Reading the paragraph above you might think that Arsenal lost 3-0. The reality is that Bradford threatened Arsenal from open play, but they actually only scored one goal and it came from a set play. Unhumorously, from a set play that Arsenal practice.
At the start of this season, Arsenal hired a new assistant coach, Steve Bould. An old Arsenal man from the days when Arsenal were known as “boring boring” because they would close up shop defensively and try to win games off set pieces. The famous chant “one-nil to the Arsenal” was started then, because that was a frequent score-line to celebrate by the Gunners.
One of Bould’s Arsenal’s most famous ways to score a goal was to put a guy like Bould himself on the near post and a player like Tony Adams on the far post. The corner kick would be whipped in and Bould would head the ball across the box where an Arsenal player would be waiting to poke home.
Given that Bould is now assistant manager it should be no surprise that Arsenal have used this play extensively from the beginning of this season and while they have struggled to score with it, it’s clear that this is something they work on in training. That is also the play that Bradford used to score: from a corner, “some guy” headed the ball across the box, Sagna was left covering two defenders and picked the wrong one and “some other guy” scored an easy goal.
A fourth division team beat Arsenal with their own set play and I’m not sure which circle of hell that goal comes from. I am sure, however, that being beaten on the play that your assistant manager is famous for and a play that you practice all the time is a clear indication that the team has given up listening to the management.
Arsene Wenger wanted to win. He picked the very best team available to him to get that win. Ostensibly, he prepared this team for the threat we all knew they posed and for the best way to attack them and get the goals they needed to win that game. And through a combination of laziness, ineptitude, and what looked at times like mutiny, the team responded with the worst 90 minute performance of the season, only deciding to have a go at the opposition in the final 30 minute overtime.
In the wake of the defeat, Arsene Wenger will now come in for criticism and deservedly so. He bought this team, paying £12m for Gervinho, which the Bradford fans mocked with chants of “Premier League, you’re having a laugh”. He’s persisted with playing Ramsey out of position on the “wing”, despite the midfielder’s constant frustration as a ball dawdler, rather than buying a player who would fit that position. He gambled on the physical fitness of Abou Diaby, Tomas Rosicky, and Jack Wilshere, and the mental fitness of Andrei Arshavin, Theo Walcott, and Marouane Chamakh. He gave Vermaelen the captain’s armband and has had to sit back and watch as the player has unravelled as a leader before millions of people’s eyes. He trains this team, a team which the vice-captain (Mikel Arteta) bragged last week are asking for more training sessions and who couldn’t even defend the set play that they practice week in and week out.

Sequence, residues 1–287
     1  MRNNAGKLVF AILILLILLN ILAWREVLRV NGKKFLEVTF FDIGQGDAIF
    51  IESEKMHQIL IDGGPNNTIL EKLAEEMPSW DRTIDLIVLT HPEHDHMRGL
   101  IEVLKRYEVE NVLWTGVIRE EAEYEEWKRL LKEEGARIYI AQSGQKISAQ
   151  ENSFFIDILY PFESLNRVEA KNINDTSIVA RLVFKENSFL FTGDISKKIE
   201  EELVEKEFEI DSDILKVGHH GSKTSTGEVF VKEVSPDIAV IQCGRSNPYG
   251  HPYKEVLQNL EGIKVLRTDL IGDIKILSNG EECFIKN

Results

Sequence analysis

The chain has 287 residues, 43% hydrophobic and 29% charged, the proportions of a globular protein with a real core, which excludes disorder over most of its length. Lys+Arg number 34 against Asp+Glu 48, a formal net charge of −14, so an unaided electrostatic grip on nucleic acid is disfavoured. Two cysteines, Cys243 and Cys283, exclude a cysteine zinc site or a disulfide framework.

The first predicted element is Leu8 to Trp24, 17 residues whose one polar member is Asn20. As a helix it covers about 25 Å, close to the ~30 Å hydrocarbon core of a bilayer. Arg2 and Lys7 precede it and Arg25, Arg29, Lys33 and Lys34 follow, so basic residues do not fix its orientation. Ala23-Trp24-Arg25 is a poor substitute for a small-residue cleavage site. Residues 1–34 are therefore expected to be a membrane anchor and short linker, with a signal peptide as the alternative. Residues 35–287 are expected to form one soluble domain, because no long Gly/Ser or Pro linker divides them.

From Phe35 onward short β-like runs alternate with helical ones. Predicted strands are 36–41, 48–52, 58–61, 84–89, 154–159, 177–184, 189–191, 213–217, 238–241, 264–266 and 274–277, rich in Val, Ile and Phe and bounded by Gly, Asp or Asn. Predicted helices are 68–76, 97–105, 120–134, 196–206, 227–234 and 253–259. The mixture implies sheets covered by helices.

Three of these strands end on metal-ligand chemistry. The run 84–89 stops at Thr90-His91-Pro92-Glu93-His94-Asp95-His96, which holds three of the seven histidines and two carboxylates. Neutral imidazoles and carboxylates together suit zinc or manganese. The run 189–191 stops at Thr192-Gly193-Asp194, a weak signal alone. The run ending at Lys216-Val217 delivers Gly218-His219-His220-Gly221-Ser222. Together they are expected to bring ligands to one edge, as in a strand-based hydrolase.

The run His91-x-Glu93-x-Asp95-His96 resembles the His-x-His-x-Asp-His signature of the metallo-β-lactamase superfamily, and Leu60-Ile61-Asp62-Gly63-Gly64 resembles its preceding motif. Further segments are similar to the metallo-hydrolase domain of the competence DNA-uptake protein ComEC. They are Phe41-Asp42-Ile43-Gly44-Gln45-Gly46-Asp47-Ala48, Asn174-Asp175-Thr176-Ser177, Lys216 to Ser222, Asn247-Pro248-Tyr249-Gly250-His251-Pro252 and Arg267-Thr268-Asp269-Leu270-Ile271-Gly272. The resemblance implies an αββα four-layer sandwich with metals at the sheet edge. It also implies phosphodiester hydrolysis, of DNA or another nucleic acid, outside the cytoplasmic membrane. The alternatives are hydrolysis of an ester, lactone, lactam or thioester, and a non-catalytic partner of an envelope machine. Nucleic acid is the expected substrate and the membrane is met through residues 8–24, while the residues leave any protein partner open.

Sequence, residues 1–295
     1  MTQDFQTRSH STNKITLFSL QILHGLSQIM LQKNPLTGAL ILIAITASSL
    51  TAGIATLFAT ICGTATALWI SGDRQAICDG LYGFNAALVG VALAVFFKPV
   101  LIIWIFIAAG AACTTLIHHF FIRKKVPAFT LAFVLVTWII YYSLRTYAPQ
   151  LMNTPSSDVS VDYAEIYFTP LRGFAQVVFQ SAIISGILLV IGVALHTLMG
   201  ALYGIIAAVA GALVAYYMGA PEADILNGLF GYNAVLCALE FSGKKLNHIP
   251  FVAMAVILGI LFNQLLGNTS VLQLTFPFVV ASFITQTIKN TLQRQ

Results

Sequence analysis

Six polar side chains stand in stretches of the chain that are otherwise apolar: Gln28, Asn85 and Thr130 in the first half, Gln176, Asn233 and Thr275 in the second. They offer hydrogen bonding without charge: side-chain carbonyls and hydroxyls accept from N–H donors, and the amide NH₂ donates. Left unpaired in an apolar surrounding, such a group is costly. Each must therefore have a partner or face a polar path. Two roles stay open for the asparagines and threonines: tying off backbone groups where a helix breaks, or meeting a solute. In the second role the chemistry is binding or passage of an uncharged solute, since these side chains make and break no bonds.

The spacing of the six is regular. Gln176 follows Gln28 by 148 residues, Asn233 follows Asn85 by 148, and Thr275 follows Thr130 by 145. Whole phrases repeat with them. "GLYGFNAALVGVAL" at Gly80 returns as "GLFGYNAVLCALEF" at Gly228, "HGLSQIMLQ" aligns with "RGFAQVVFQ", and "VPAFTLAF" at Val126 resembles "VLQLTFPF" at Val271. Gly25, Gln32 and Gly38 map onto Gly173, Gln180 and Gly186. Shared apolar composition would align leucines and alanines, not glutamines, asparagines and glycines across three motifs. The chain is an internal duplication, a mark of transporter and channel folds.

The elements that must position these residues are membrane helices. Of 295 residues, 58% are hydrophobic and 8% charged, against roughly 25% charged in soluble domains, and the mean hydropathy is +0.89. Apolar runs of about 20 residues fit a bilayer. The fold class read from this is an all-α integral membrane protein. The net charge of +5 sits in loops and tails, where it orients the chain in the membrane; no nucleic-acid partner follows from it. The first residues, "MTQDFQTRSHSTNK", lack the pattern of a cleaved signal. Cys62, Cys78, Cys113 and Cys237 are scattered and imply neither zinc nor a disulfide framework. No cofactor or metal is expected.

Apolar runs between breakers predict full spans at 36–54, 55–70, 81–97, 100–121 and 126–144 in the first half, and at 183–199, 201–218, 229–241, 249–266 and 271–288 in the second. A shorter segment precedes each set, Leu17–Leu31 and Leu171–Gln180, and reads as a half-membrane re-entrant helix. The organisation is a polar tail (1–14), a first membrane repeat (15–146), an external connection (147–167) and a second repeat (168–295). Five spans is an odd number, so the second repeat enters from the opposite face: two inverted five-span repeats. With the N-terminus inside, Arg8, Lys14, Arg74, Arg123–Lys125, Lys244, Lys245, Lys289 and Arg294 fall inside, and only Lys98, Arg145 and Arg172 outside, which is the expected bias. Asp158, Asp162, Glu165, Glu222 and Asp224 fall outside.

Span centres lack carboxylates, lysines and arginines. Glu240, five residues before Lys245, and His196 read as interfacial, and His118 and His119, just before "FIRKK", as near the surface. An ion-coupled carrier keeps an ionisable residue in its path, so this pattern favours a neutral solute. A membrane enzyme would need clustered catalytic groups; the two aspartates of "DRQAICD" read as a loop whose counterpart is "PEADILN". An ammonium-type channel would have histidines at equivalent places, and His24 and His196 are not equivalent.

This is a team that no longer controls possession, unless the opposition want them to. This is a team that pretends to be an attacking side, with their comically high defensive line, but who couldn’t manage to work the Bradford keeper until the 70th minute. This is a team with an academy that we are supposed to be proud of, which has only produced one world-class player. This is a team with a global scouting network and a manager with an encyclopedic knowledge of world football who spent good money buying a player like Gervinho who adds nothing to his team.
Arsenal are all of those things and none of them. No one seems to know what Arsenal are about any more because this is a zombie team: they are a team that is dead but who have yet to give up living. They are going from one game to the next, going through the motions, playing as if they were still the Arsenal, only slower, uglier, and rapidly decaying.
As anyone who has ever watched a zombie film knows, the only way to kill a zombie is to shoot it in the fucking head.